At the turn of the new century, the Institute of Medicine (IOM) released a report titled, “To Err is Human: Building a Safer Health System”. Citing a number of large studies, the IOM report stated that each year approximately 50,000–100,000 people die in America because of preventable adverse events (PAE). These PAEs or medical errors are among the leading causes of death, ranking higher than breast cancer, AIDS and motor vehicle accidents in terms of the number of fatalities caused. One major contributor to PAEs is medication-related errors, which are costly to both patients and the healthcare system, resulting in thousands of deaths and costing a hospital up to $3 million dollars annually.
When it comes to medication errors, part of the problem is the multiple steps involved in the administration of a drug. In the inpatient setting, the healthcare provider writes the medication order on an order sheet in the patient’s chart. A nurse processes the order and sends it to the pharmacy where it is reviewed and the drug is dispensed; the nurse ultimately administers the medication. This process is susceptible to a system break down at several different points. The prescription order may be incomplete or illegible. A drug allergy or drug-drug interaction may go unnoticed. There could be mix-ups in dosing or the route of administration of the drug.
As a response to the problem of medication errors, over the course of the last several years, e-prescription systems have emerged as an alternative method for entering drug orders. With an e-prescription system, the healthcare provider enters the medication order into the computer, the order is received by the pharmacy, and the medication is dispensed. Most e-prescription systems have drop down menus, which give the provider the opportunity to select among several dosing options, routes of administration, etc. Furthermore, these systems allow the provider to enter data about a patient’s past medical history, drug allergies, current medications, and recent lab results. The computerized system has the ability to notify providers if there is a drug allergy, a drug-drug interaction, or another possible adverse event.
Few studies have looked at how e-prescribing systems compare to traditional systems in their potential to reduce medical errors. However, a study from Australia published two weeks ago in PLoS Medicine examined the impact of e-prescription systems on medication errors in the inpatient setting and demonstrated that these systems are indeed effective. The investigators found that implementation of e-prescription systems resulted in an approximately 60 percent reduction in total medication-error rates, and a 44 percent decrease in serious medical errors, defined as those errors that result in at least a decline in bodily function. In addition, the researchers found that procedural errors such as incomplete or illegible orders were almost completely eliminated after implementation of the new system. Interestingly, the e-prescription system did not affect the rates of drug-allergy related errors or drug-drug interaction related errors; these types of errors were low even prior to the intervention.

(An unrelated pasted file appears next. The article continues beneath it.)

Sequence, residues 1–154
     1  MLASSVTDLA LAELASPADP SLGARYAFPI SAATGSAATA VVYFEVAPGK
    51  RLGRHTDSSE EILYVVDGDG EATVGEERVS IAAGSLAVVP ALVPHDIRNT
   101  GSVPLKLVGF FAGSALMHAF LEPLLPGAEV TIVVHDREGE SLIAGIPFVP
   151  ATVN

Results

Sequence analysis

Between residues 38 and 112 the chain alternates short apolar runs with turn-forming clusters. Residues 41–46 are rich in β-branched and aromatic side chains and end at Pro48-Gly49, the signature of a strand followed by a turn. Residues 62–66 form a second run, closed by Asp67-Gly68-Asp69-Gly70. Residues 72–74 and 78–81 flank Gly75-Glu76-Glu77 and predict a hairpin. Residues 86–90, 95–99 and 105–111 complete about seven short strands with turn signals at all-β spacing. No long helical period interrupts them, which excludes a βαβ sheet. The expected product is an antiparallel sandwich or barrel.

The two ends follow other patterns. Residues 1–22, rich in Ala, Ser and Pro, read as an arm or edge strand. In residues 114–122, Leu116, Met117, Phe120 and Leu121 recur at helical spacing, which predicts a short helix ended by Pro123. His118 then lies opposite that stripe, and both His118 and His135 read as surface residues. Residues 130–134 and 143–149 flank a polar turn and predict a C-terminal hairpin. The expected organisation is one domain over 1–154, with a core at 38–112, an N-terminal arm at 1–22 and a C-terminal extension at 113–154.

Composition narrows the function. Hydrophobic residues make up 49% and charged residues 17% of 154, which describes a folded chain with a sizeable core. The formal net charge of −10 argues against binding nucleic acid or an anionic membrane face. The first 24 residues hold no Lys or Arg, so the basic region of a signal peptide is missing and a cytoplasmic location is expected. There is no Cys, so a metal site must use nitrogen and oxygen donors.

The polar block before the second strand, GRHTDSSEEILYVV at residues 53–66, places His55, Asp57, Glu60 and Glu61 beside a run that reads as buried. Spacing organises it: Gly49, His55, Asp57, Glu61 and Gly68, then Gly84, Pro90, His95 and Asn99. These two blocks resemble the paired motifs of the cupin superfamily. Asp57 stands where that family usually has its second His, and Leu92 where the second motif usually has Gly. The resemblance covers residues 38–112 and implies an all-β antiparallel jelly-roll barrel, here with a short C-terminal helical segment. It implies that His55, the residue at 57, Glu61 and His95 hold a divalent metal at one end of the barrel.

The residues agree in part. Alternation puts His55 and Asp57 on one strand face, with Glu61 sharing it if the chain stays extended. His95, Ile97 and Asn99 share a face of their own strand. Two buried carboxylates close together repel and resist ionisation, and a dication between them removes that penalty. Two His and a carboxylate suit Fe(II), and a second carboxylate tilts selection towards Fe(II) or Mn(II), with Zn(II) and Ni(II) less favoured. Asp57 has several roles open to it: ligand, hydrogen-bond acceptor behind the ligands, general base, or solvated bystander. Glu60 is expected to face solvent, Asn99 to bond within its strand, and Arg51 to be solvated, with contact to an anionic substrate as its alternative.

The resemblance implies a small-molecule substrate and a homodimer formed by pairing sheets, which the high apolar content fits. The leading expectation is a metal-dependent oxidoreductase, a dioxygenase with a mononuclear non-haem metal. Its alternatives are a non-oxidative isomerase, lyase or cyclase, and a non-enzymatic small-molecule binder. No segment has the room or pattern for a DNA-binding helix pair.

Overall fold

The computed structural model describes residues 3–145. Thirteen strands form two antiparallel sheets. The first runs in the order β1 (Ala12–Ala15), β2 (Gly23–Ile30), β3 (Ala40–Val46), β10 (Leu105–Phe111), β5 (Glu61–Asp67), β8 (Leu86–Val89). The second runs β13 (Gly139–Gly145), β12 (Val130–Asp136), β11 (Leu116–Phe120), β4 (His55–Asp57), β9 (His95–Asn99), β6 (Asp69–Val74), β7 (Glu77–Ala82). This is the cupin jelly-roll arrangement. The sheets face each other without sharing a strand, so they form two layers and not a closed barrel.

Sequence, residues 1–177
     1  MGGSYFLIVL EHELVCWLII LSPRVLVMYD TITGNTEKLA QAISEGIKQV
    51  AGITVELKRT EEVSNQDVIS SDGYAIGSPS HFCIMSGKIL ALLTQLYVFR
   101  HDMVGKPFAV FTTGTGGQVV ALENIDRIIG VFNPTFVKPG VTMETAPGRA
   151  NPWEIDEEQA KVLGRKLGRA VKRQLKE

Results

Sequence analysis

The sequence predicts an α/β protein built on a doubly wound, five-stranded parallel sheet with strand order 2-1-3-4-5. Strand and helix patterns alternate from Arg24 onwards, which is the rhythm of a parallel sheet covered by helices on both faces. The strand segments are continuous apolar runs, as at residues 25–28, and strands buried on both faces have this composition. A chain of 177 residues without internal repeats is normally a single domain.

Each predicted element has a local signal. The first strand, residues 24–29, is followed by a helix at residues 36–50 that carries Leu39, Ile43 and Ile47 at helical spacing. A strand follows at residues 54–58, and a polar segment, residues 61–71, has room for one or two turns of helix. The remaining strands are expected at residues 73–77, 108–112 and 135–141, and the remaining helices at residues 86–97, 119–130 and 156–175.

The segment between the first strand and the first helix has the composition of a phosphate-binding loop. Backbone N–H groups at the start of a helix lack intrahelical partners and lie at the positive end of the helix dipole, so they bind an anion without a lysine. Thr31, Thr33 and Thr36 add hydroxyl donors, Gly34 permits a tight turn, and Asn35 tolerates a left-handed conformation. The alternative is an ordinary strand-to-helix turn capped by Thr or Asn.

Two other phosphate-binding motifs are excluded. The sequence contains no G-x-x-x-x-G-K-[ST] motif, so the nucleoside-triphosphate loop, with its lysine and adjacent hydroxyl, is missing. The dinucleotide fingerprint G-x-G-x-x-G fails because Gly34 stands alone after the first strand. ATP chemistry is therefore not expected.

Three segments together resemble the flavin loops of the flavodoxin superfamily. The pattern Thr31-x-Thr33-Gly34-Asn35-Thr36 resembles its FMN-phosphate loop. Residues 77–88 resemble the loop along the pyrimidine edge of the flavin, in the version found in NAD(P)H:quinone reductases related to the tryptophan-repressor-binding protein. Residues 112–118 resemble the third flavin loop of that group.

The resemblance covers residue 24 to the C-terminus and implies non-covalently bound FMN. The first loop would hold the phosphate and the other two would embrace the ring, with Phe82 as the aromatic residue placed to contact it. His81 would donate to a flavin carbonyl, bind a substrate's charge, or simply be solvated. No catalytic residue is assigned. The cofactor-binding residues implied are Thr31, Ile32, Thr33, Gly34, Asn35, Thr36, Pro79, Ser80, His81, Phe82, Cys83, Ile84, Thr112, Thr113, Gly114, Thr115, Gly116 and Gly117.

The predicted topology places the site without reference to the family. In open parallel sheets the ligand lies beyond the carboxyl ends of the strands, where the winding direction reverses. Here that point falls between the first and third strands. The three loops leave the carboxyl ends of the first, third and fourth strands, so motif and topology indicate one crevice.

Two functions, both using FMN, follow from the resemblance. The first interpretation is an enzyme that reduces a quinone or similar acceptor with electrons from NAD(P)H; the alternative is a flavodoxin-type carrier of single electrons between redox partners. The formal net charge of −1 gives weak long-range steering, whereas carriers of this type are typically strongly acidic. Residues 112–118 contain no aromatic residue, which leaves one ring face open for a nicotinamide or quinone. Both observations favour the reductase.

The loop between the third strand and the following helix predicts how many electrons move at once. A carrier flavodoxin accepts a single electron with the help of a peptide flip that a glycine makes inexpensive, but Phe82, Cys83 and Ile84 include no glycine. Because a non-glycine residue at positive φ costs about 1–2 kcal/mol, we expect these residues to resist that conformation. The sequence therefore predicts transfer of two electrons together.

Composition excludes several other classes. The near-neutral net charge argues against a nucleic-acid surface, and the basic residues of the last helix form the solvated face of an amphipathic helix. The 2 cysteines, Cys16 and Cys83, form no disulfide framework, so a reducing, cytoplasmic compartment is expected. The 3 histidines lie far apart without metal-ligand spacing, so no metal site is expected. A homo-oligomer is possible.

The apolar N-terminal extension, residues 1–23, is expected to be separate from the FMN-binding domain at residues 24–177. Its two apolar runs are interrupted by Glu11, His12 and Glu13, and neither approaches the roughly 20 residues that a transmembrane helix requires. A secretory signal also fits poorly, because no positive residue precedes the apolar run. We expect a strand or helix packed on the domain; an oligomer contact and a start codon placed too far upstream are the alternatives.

Although the PLoS study only looked at medication errors in the inpatient setting, these systems are also used to provide prescriptions for outpatients. With the advent of e-prescriptions on the outpatient side, patients no longer have to take paper prescriptions to the pharmacy. Instead, doctors enter the prescription order into the computerized system and send the order to the pharmacy. Proponents argue that e-prescriptions in the outpatient setting increase compliance because even if the patient looses a prescription or forgets to drop it off at the pharmacy, the pharmacy will remind them when their medication is ready.
With the expansion of these systems in inpatient and outpatient arenas, the use of e-prescription systems is on the rise. Last week, a report from Cal eConnect — California’s government entity for health information exchange — found that e-prescription usage among physicians in the state has increased from 3% in 2007 to 25% in 2011. Recognizing the potential to reduce medication errors, improve patient outcomes, and cut costs, the Center for Medicare and Medicaid Services (CMS) has welcomed this increase in e-prescription system usage and devised an incentive program by charging penalty fees for certain groups of physicians with access to this technology who do not employ it.
However, while e-prescription systems have a great amount of potential, the implementation of these systems does not translate into an elimination of medication-related errors. As the recent PLoS study shows, these errors may occur even in the presence of e-prescriptions. Another important consideration is the cost associated with the implementation of e-prescription systems, which may include networking costs, software licensing fees, training fees, and annual subscription fees. According to the Department of Health and Human Services, a study in 2007 that examined the implementation of an e-prescription system for a psychiatric clinic reported over $40,000 in implementation costs as well as an annual cost of $14,000 for 10 full-time psychiatrists. More studies that could build on the PLoS study and examine the efficacy and cost-effectiveness of these systems would help inform providers, hospitals and policy-makers and enhance the way these systems are used.
Westbrook JI, et al. (2012) Effects of Two Commercial Electronic Prescribing Systems on Prescribing Error Rates in Hospital In-Patients: A Before and After Study. PLoS Med 9(1): e1001164.